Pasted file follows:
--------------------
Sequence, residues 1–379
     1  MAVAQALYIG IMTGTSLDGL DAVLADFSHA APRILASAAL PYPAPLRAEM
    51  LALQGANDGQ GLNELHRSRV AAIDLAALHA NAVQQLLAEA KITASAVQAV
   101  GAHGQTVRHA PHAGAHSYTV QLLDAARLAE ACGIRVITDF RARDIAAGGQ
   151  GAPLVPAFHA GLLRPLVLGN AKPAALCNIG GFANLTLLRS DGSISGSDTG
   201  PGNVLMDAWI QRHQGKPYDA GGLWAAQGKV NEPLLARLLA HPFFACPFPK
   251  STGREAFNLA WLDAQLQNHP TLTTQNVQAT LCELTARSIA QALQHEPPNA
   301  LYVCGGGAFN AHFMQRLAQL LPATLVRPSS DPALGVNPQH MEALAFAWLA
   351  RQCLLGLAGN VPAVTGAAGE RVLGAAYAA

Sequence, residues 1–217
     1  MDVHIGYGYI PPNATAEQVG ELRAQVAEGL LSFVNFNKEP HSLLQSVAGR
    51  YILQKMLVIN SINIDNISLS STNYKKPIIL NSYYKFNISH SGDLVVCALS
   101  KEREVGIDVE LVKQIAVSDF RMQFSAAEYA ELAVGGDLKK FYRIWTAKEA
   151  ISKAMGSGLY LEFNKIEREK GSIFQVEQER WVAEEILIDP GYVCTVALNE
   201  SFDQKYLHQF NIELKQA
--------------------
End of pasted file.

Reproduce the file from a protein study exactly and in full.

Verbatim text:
Sequence, residues 1–379
     1  MAVAQALYIG IMTGTSLDGL DAVLADFSHA APRILASAAL PYPAPLRAEM
    51  LALQGANDGQ GLNELHRSRV AAIDLAALHA NAVQQLLAEA KITASAVQAV
   101  GAHGQTVRHA PHAGAHSYTV QLLDAARLAE ACGIRVITDF RARDIAAGGQ
   151  GAPLVPAFHA GLLRPLVLGN AKPAALCNIG GFANLTLLRS DGSISGSDTG
   201  PGNVLMDAWI QRHQGKPYDA GGLWAAQGKV NEPLLARLLA HPFFACPFPK
   251  STGREAFNLA WLDAQLQNHP TLTTQNVQAT LCELTARSIA QALQHEPPNA
   301  LYVCGGGAFN AHFMQRLAQL LPATLVRPSS DPALGVNPQH MEALAFAWLA
   351  RQCLLGLAGN VPAVTGAAGE RVLGAAYAA

Sequence, residues 1–217
     1  MDVHIGYGYI PPNATAEQVG ELRAQVAEGL LSFVNFNKEP HSLLQSVAGR
    51  YILQKMLVIN SINIDNISLS STNYKKPIIL NSYYKFNISH SGDLVVCALS
   101  KEREVGIDVE LVKQIAVSDF RMQFSAAEYA ELAVGGDLKK FYRIWTAKEA
   151  ISKAMGSGLY LEFNKIEREK GSIFQVEQER WVAEEILIDP GYVCTVALNE
   201  SFDQKYLHQF NIELKQA